Posted by aogThursday, 24 April 2003 at 13:25
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I was shopping for a birthday present for a classmate of Boy One the other day and a number of the items on the list had to do with Yu Gi Oh
, a trading card game. Part of the paraphenalia were guide books that contained reams of statistics and probability analysises. I thought to myself, “this is intended for pre-teen boys?”. I certainly don't remember devoting that kind of effort to mastering the optimal strategies for my childhood games. When I was older, in high school, and playing combat simulation
board games I would read that kind of thing. But that marked me as a geek, sometimes even among my fellow gamers. But now Joe Average pre-teen kid is reading about how to weigh the probabilities of multi-card combos. I find this significant, because the attitude required to appreciate that is the same as that which makes our troops so capable in the field — given a particular situation and a set of rules, how can I maximize my odds of success, both by preparing properly and adapting my strategy?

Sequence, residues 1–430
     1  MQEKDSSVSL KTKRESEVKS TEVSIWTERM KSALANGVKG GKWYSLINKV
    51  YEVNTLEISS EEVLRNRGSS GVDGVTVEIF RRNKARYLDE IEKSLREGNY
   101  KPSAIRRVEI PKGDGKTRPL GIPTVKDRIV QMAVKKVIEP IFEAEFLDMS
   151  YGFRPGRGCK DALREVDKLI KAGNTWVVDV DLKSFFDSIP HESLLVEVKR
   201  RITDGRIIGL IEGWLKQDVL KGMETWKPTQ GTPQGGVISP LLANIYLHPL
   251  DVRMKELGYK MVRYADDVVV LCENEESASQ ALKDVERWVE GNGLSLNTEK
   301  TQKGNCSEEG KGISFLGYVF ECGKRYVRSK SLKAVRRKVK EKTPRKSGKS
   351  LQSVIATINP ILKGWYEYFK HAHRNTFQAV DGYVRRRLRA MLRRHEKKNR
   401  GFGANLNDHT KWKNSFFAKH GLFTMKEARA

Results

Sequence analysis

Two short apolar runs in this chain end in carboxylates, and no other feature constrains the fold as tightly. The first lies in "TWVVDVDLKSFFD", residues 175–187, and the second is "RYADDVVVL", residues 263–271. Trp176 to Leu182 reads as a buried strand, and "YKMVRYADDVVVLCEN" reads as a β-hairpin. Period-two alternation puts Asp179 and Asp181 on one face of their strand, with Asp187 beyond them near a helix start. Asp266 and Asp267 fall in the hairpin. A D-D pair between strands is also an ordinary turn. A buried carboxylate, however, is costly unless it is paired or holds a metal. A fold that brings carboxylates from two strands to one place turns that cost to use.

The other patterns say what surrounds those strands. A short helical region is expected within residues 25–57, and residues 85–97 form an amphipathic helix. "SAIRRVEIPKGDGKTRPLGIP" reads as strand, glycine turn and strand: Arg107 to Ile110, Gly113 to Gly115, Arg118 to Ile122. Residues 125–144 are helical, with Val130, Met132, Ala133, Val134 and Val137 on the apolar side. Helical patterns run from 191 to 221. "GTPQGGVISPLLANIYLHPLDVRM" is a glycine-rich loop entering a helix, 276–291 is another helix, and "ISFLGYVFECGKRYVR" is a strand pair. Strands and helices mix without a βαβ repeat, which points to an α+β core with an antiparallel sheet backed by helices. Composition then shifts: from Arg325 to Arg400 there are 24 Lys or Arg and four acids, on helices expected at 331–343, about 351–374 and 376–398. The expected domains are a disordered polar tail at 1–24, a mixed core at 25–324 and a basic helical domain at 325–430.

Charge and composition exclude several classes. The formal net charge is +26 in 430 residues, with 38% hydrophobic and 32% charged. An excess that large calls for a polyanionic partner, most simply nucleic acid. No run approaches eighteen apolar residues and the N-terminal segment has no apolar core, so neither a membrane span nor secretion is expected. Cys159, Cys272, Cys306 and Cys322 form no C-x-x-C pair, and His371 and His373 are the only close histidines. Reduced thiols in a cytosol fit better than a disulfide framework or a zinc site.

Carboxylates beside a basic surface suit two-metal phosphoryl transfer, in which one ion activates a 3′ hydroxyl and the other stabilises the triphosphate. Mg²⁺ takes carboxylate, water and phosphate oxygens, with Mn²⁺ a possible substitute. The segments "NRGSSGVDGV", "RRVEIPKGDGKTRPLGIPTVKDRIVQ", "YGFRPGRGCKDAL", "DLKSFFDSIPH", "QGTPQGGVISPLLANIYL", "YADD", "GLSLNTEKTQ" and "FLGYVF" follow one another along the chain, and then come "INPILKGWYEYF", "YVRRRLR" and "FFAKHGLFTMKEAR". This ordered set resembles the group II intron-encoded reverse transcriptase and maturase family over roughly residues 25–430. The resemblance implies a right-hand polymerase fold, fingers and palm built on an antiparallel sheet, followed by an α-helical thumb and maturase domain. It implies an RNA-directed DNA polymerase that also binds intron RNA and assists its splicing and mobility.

These kids are also being taught about the meta-game which is also fundamental to a 21st century military or indeed any organization. For most of these trading card games (which are very popular) one must construct a playing deck. This is very different from previous card games where everyone has the same set of potential hands. With playing decks the opponents may well have no cards in common at all. So selecting the set of cards to play with is a key part of success. The meta-game is that superior playing decks depend on the playing decks of the other players. One can win with a technically inferior deck if it exploits a weakness the dominant style of deck. Of course if such a deck starts winning the other players will adapt. This constant shifting of the “best” style of deck is the meta-game. To succeed one must
- Be aware of what decks styles are popular
- Be able to develop and play counter strategies to popular deck styles
- Be willing to abandon one's preferred style if someone else develops a counter
What a very interesting set of principles to be teaching.